the J udean Hills to the west and the mountains of Moab to the east.
Discharges of bitumen from the Dead Sea have been historically reported as
floating on its surface in the form of lumps. Bitumen was the first petroleum product
used by humans. Petroleum-derived bitumen is also referred to as asphalt. In many
places asphalt refers to bitumen mixed with a mineral aggregate such as sand or gravel
for paving roads.
In 1834 a chunk of bitumen weighing 6,000 pounds was reported to have floated
ashore. It is thought that earthquakes caused chunks to break from the Dead Sea bed and
float to its surface. Another theory is that the bitumen filters up through diapirs or cracks
and reaches the sea bottom together with salt rock structures. When the salt rock melts,
blocks of bitumen then float to the surface.
Over the centuries bitumen was used to waterproof boats and ships bottoms, for
construction and as an insect repellent. Around the middle of the 4
th
century BC, the
Ancient Egyptians are reported to have used bitumen for mummification, even though
this allegation is challenged in favor of the use of the Natrun nitrate salts (etymological
origin of the name of Nitrogen as well as the chemical symbol of sodium as Na) from the
Wadi Al Natrun or the Natrun Valley in the Western Desert of Egypt.
Around this period of time, the Nabatean ancient civilization, that is the
precursors to the modern day Arabs, settled at their capital of Petra by the Dead Sea and
monopolized a trade in the bitumen. They brought it ashore, cut it out and then traded it
with Egypt, most probably for ship building use.

4.15 RESERVOIR REPLENISHMENT

Some petroleum reservoir engineers were puzzled when they realized that their
estimated existing reserves in old wells were increasing rather than decreasing. It could
be that their original estimates were underestimated. However, some suggested that what
they could be observing in deep petroleum wells was in fact leaking hydrocarbons from
the mantle of the Earth diffusing upwards through fractures into the common sedimentary
petroleum fields, located relatively close to the surface. A hypothesis exists that as
petroleum is drawn out of these known reservoirs through petroleum wells, the field
pressure is slightly reduced, thereby allowing more deep petroleum to diffuse up from the
mantle and recharge the reservoir from below.
Some Ukrainian and Russian studies of their ultra-deep wells and those in the
White Tiger field in Vietnam, suggest that migration from the mantle could be about 20-
30 percent less than production at shallow petroleum fields wellheads. If this were true,
the implication is that if the pressure of existing petroleum wells is allowed to be reduced
by about 30 percent, petroleum supply and production could be replenished by deep
petroleum from the Earths mantle.
Interestingly, the current approach of injecting water into aging petroleum wells,
accomplishes just the opposite: it is meant to increase the reservoirs pressure rather than
to decrease it.
About 80 petroleum and gas fields reportedly occur partly or completely in
crystalline basement rock in the west Siberian basin, including the Yelley Igai and Malo
Itchskoye fields from which all of the production of petroleum and gas occurs entirely
and solely in the basement rock from depths between 800 to1,500 meters below the roof
of the crystalline basement. In 1981 on the basis of the theory of abiotic petroleum
origin, a group of Ukrainian geologists proposed the drilling of 10 wells for petroleum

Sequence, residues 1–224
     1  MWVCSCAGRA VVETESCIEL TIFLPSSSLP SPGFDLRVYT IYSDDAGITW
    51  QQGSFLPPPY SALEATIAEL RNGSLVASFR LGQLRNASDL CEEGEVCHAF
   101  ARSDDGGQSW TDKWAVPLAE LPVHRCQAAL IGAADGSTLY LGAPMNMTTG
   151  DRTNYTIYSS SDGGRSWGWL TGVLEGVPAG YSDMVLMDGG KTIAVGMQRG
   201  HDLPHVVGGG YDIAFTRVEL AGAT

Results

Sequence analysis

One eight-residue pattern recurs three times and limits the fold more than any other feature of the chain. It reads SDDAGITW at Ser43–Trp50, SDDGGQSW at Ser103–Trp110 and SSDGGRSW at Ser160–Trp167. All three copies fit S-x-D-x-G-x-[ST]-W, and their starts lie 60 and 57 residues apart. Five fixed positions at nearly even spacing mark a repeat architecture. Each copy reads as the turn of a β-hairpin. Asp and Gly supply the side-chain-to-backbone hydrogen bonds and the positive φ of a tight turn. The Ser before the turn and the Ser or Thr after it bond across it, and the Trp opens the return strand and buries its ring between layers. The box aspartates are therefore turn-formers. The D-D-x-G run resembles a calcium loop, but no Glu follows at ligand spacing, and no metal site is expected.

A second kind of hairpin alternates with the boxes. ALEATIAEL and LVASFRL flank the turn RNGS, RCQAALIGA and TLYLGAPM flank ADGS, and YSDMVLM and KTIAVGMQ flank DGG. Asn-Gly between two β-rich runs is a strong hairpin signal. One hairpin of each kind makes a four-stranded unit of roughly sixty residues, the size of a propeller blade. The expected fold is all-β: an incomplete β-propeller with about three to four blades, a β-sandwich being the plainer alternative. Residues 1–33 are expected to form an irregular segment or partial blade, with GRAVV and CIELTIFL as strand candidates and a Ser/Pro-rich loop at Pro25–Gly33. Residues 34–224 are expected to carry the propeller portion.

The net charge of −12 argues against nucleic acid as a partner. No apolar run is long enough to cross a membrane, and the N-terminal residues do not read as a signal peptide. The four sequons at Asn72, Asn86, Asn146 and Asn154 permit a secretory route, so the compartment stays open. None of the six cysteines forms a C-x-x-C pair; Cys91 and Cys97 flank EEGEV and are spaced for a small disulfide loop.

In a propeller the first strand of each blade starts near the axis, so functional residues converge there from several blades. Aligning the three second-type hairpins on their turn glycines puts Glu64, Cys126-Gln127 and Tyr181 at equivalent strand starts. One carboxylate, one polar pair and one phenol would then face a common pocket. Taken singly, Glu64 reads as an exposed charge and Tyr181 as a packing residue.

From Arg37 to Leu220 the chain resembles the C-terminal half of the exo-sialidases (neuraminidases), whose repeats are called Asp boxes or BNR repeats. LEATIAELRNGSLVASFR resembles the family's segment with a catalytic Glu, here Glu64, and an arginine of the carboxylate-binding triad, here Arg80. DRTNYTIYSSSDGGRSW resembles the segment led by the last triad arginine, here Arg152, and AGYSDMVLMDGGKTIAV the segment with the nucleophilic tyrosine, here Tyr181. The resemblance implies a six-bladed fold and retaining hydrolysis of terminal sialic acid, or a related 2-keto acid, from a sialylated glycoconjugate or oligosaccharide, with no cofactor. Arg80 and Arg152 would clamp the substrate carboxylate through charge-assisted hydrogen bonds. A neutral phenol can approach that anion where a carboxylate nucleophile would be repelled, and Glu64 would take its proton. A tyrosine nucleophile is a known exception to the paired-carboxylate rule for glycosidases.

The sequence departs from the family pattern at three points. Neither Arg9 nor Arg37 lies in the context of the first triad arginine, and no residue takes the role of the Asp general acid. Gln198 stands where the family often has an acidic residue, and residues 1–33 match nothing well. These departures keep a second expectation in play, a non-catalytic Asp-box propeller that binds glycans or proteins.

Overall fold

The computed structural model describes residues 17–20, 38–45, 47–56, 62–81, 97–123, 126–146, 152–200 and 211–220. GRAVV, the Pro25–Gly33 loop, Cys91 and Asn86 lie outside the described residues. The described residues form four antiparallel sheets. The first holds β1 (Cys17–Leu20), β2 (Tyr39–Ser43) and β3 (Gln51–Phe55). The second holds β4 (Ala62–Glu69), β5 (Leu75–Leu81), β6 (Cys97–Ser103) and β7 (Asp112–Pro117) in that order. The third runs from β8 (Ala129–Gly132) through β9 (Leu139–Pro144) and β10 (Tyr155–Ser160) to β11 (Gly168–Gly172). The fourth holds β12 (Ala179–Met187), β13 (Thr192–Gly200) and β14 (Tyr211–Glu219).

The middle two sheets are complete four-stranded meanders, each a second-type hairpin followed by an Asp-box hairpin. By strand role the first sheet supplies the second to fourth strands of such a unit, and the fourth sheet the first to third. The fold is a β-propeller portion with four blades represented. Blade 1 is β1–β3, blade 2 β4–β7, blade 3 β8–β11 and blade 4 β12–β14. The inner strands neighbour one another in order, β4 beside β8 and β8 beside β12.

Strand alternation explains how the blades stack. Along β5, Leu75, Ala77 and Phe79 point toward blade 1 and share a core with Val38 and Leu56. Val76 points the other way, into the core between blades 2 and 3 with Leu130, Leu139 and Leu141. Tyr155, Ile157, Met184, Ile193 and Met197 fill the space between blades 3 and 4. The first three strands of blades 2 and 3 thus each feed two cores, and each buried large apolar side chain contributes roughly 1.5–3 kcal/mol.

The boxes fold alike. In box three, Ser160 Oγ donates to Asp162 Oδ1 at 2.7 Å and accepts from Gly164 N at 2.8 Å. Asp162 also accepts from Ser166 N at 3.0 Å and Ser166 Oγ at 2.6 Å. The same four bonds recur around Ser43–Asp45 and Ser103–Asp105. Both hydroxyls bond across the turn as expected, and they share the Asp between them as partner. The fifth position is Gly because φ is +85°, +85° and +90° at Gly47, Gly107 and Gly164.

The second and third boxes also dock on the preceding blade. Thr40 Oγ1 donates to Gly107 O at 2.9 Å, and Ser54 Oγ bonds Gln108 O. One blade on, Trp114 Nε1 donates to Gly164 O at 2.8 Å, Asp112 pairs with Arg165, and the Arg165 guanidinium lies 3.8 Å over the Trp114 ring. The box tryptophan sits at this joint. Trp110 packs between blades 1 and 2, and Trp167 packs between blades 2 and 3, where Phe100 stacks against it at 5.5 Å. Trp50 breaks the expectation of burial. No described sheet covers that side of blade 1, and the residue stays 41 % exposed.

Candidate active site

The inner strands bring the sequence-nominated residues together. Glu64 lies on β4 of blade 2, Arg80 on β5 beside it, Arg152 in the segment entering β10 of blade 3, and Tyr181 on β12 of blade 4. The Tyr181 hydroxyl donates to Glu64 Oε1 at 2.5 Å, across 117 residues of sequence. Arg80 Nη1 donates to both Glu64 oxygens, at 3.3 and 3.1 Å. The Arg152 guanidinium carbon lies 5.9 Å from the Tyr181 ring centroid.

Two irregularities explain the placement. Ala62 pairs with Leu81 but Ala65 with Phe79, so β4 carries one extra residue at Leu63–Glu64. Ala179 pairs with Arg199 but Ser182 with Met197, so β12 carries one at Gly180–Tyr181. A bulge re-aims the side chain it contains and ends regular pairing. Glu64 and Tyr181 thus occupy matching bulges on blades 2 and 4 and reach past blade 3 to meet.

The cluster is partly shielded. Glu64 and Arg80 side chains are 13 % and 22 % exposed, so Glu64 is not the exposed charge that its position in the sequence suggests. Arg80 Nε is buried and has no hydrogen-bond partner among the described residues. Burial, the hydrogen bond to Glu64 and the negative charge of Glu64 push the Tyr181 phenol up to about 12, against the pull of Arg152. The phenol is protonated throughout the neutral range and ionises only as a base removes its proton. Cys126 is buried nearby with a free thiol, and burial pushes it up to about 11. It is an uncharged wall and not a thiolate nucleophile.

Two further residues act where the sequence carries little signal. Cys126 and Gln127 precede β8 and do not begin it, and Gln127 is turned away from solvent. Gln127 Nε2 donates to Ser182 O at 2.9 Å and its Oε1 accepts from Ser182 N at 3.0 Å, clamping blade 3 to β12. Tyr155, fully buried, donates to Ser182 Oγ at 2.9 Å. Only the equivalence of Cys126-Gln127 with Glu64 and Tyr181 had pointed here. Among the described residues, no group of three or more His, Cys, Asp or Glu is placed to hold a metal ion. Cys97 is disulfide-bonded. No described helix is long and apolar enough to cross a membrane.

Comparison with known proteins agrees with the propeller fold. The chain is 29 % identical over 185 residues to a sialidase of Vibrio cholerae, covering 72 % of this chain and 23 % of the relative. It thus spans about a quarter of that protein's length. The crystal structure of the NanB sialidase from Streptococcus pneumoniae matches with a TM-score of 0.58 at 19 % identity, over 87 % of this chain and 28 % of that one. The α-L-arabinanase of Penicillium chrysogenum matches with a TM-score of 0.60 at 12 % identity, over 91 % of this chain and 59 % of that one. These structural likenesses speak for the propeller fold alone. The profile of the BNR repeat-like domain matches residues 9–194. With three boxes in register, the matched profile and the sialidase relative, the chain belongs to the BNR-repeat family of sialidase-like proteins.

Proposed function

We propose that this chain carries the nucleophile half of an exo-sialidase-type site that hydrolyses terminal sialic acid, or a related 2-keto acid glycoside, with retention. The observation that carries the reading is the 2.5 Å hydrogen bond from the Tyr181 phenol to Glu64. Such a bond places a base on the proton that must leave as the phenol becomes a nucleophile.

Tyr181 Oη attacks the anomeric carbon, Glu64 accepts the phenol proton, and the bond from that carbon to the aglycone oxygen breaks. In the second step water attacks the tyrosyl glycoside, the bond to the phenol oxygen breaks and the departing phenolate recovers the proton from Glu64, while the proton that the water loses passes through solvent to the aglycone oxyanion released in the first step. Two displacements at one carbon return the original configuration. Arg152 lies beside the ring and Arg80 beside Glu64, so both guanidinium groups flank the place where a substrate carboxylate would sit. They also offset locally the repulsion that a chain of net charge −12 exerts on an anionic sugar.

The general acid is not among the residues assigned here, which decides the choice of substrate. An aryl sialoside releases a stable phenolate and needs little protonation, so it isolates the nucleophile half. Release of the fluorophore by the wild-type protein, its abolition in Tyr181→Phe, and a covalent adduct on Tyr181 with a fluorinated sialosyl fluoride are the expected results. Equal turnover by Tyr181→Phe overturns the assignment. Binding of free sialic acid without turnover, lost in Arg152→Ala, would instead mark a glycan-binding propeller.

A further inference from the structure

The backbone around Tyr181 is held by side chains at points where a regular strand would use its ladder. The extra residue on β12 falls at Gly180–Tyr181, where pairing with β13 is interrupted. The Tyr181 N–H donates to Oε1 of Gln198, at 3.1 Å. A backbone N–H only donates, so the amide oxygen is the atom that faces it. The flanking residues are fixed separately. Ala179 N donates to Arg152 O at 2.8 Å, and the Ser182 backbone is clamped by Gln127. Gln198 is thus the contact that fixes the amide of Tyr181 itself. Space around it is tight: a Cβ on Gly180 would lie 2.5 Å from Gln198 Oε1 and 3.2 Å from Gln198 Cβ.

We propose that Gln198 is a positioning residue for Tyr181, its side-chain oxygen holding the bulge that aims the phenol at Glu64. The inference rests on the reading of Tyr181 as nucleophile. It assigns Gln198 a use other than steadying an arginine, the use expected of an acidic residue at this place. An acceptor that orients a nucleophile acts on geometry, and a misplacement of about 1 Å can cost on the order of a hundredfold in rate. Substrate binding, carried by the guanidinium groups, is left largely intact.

and gas in the Precambrian crystalline basement of the Dnieper Donets basin in the
Ukraine. In Tatarstan, a well designated as 20009-Novoyelkhovskaya was started in
November 1989. Its target depth for petroleum and gas was 7,000 meters in the
Precambrian basement rock of the southern Tatarian arch, which is the maximum height
of the basement. The roof of the crystalline basement rock was observed at the depth of
1,845 m. Significant petroleum shows in that well were reported in the basement granite
at depths of 4,500 m and below.

4.16 EUGENE ISLAND POSSIBLE RECHARGE

Abiogenic petroleums advocates suggest that in the Eugene Island Block 330
field, a large production area is believed to be recharging with a deep source rock is
indicated, and the chemical composition of the recharging petroleum indicating that it is
leaking from a deep, intermediate reservoir. USA petroleum companies generate seismic
data to 60,000 feet in depth in the Gulf of Mexico, about 20,000 feet deeper than the
depths that ultra-deep drill ships can usually reach.
Eugene Island 330 is a petroleum field in the Gulf of Mexico, 80 miles off the
coast of Louisiana. It was discovered in 1973 and began producing 15,000 barrels of
petroleum per day, which then slowed down to about 4,000 barrels per day in 1989.
Unexpectedly, the production spiked back up to 13,000 barrels per day. What the
researchers found when they analyzed the petroleum field with time lapse 3-D seismic
imaging is that there was an unexplained deep fault in the bottom corner of the computer
scan, which showed petroleum gushing in from a previously unknown deep source and
migrating up through the rock to replenish the existing supply.
The analysis of the petroleum produced at Eugene Island showed that its age is
geologically different from the petroleum produced after the refinery first operated,
suggesting that it is emerging from a different source. The estimates of probable reserves
shot up from 60 million barrels to 400 million barrels.
J ean Laherrre counters that the Eugene Island formation recharge has an
explanation and that Eugene Island is depleting, not refilling. The Eugene Island
petroleum field is flanked by the largest and best known fault in the Gulf of Mexico
called the Red Fault. It places the reservoir in direct communication with the source
rocks. The rapid depletion of the reservoir dropped its pressure, allowing it to be
recharged with petroleum from the source-rocks. The decline has resumed, adding only
about 10 percent to the total reserve value.

4.17 ORGANIC BIOTIC PETROLEUM ORIGIN: LOMOSONOV
THEORY

The dominant organic petroleum origin theory directly links petroleum